I put off watching this one for a while because the title was just so dumb, honestly. Phrases like "playing God" and so forth perpetuate this image of science as a reckless, thoughtless endeavor; a field of study full of people who don't consider the consequences or repercussions of what they do. It paints this image of science as something that will ultimately doom us all and glosses over all of the good that science has brought us.
It's doubly unfortunate that Playing God has such a stupid title, then, because it's seriously the most amazing thing I've seen in a while. All of the documentaries I've watched so far have been good, of course, but this is the first that made me go, "Holy shit!"
It's another BBC production, this time hosted by Adam Rutherford. This one is all about genetics and what amazing things scientists are doing with gene splicing: goats that produce tougher-than-Kevlar spider silk in their milk, radiation treatment in tiny carbon capsules injected under astronauts' skin, purely synthetic materials created with squid camouflaging genes that will change color from the carbon dioxide in your breath, brewer's yeast that make petroleum instead of alcohol. Everything in here sounds like the stuff of science fiction, and yet scientists are creating this today.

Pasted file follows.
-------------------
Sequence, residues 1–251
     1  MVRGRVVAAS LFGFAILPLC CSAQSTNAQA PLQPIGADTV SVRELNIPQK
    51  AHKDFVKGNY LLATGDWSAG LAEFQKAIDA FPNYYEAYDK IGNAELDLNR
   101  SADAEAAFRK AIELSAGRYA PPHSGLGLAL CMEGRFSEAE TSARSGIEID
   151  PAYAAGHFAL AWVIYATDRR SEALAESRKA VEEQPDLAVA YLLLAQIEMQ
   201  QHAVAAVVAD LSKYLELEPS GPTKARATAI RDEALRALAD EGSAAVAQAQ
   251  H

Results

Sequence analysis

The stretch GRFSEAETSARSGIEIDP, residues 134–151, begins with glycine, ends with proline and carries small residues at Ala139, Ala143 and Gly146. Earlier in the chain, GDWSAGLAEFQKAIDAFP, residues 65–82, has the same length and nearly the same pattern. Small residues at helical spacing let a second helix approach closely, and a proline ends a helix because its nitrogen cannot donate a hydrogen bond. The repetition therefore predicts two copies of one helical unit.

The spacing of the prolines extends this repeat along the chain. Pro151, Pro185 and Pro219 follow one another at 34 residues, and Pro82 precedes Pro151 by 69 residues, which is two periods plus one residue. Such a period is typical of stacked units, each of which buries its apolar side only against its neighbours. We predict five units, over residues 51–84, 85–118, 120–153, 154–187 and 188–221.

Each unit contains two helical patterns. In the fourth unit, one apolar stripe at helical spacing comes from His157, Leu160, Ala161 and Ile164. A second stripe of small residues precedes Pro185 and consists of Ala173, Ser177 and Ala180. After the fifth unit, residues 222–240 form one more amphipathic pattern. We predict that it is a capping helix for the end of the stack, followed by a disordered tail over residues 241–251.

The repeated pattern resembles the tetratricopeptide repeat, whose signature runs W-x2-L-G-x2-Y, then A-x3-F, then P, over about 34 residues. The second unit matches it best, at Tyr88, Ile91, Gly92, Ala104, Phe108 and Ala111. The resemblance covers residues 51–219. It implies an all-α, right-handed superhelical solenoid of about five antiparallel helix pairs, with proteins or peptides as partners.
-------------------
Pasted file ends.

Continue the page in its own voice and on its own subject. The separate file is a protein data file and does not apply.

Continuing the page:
The good: Everything. Just...everything. It also raises legitimate ethical concerns, not fluffy fear-mongering.
The bad: The documentary gives a little too much credence to the "are we meddling with what we should not?" view in some places, but for the most part avoids that trap entirely.
One interesting fact: It was all interesting, but I think my favorite part was the "citizen science" lab that was set up in the community center of some town in California. For a small membership fee, John Q. Public can now perform science experiments that, just a few years ago, were only possible to do in university laboratories. I wish something like that had been available when I was a kid!
Would recommend? A must-see. More than anything else I've watched so far. Even more than the Alan Turing biopic, and that's saying a lot!